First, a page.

The process by which the findings from research become incorporated into widespread practice is generally long and uncertain. At one level it is necessary for professional groups to achieve consensus on best practice, involving systematic review of findings from the literature, as well as analysis of datasets representing unpublished results. As this involves busy clinicians, this can take a long time. The next level involves the transfer of consensus into practice, which is a highly indeterminate process. Two projects ACTION deal with different aspects of the transfer process. ECOLE/GRIP will apply telematics tools to assist the professionals in achieving consensus more quickly and easily and at lower cost, and help them encapsulate such consensus in the form of best practice guidelines appropriate in different contexts. MEDICO is concerned more with facilitating the on-going professional development of practising clinicians via various telematic channels, using material based where possible on agreed best practice.

The availability of clinical practice guidelines does not in itself guarantee that they will be widely accepted or applied. Acceptance can be made easier by involving the potential users in their development: the cooperative working tools that ECOLE/GRIP will deploy will make this more feasible. Making it easier for clinicians to apply such guidelines in their day-to-day work is the task of PROMPT, which will address the technologies that should be accessible at the clinical workstation to support the clinical decision process. Of course, this brings us round the full circle, as the workstation is ideally where data is captured.

Having approved protocols and guidelines available is however not enough on its own - it is necessary to ensure that the care delivered conforms as closely to the guidelines as possible, particularly where invasive or hazardous procedures are used. CONQUEST is concerned with developing quality assurance and management tools to assist in this, particularly in relation to the use of imaging technologies. It will also support more accurate communication between specialists. In addition, TARGET will facilitate communication between specialist and subsidiary centres, leading to improved treatment planning and better utilization of expensive resources.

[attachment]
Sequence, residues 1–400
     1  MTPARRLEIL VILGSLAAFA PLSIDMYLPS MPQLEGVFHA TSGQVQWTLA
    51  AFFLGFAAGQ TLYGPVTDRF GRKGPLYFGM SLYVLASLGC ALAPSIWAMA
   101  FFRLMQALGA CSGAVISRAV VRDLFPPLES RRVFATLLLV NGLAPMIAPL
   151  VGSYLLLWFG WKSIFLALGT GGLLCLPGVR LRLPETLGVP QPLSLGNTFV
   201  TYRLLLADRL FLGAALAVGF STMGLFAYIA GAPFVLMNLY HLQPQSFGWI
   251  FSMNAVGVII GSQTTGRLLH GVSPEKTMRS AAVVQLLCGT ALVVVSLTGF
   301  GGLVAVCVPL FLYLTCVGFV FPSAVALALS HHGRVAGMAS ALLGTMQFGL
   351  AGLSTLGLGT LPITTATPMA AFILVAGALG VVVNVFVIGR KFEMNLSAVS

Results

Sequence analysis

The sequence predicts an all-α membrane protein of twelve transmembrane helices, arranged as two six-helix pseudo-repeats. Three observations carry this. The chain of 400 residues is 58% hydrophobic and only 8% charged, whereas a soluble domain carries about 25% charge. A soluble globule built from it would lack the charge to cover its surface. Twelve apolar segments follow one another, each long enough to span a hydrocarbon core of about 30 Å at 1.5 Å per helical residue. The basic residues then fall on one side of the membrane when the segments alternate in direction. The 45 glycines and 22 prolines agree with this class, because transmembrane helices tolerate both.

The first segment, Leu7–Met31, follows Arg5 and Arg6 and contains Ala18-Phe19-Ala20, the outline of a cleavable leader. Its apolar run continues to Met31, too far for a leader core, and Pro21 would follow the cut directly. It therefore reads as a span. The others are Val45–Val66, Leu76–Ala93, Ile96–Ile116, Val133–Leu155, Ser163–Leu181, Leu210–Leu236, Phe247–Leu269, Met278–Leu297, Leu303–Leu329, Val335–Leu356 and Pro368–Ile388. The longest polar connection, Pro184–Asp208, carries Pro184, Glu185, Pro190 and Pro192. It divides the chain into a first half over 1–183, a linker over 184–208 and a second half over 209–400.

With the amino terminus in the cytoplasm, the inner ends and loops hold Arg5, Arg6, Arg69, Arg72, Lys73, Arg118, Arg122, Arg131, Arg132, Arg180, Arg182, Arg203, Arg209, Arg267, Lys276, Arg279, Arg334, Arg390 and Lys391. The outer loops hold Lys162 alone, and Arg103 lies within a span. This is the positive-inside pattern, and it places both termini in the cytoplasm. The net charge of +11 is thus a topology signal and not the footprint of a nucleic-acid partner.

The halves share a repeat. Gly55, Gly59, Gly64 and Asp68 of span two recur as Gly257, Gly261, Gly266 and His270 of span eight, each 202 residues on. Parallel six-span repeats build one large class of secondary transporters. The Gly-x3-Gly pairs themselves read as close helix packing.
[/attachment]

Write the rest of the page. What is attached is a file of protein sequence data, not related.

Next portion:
As well as accurate communication, the quality of information supplied by other specialists such as pathologists has also to be assured. EUROPATH specifically addresses the use of telematics to improve the quality of pathological information on two axes: enabling effective use of remote expertise, and compiling a reference database of image data and associated clinical information.

Ultimately, the technologies of CONQUEST and EUROPATH will merge with those of PROMPT into the clinical workstation area, as well as with those of MACRO enhancing the level of detail that clinical trials will be able to work with, thus helping to accelerate the overall quality improvement cycle.

As an example, the MARGRITE project covers many aspects of the overall cycle while focussing on a specific, complex, and highly invasive, form of treatment - bone marrow transplant. Building on the 3rd FW project EMDIS, MARGRITE will support vital clinical decisions faced by individual transplant teams by ensuring that the results of all stem cell transplantations performed across Europe are collected, analysed, qualified, and made readily available to them via telematics.

As an accompanying measure, HORIZON has the task of facilitating the coherence of the ACTION cluster.

The individual projects are designed to be standalone and streamlined, in order to minimize the overheads of having too many strong interdependencies which can slow down individual progress; however the logical interrelationships do exist as described above, and HORIZON's role is to track these relationships and dependencies, and to facilitate consensus among the group where needed. It will also maintain and project the cluster identity, particulary with respect to the information flow and quality improvement cycle outlined above. This model will form the basis for planning a major validation trial combining the results of all the ACTION projects.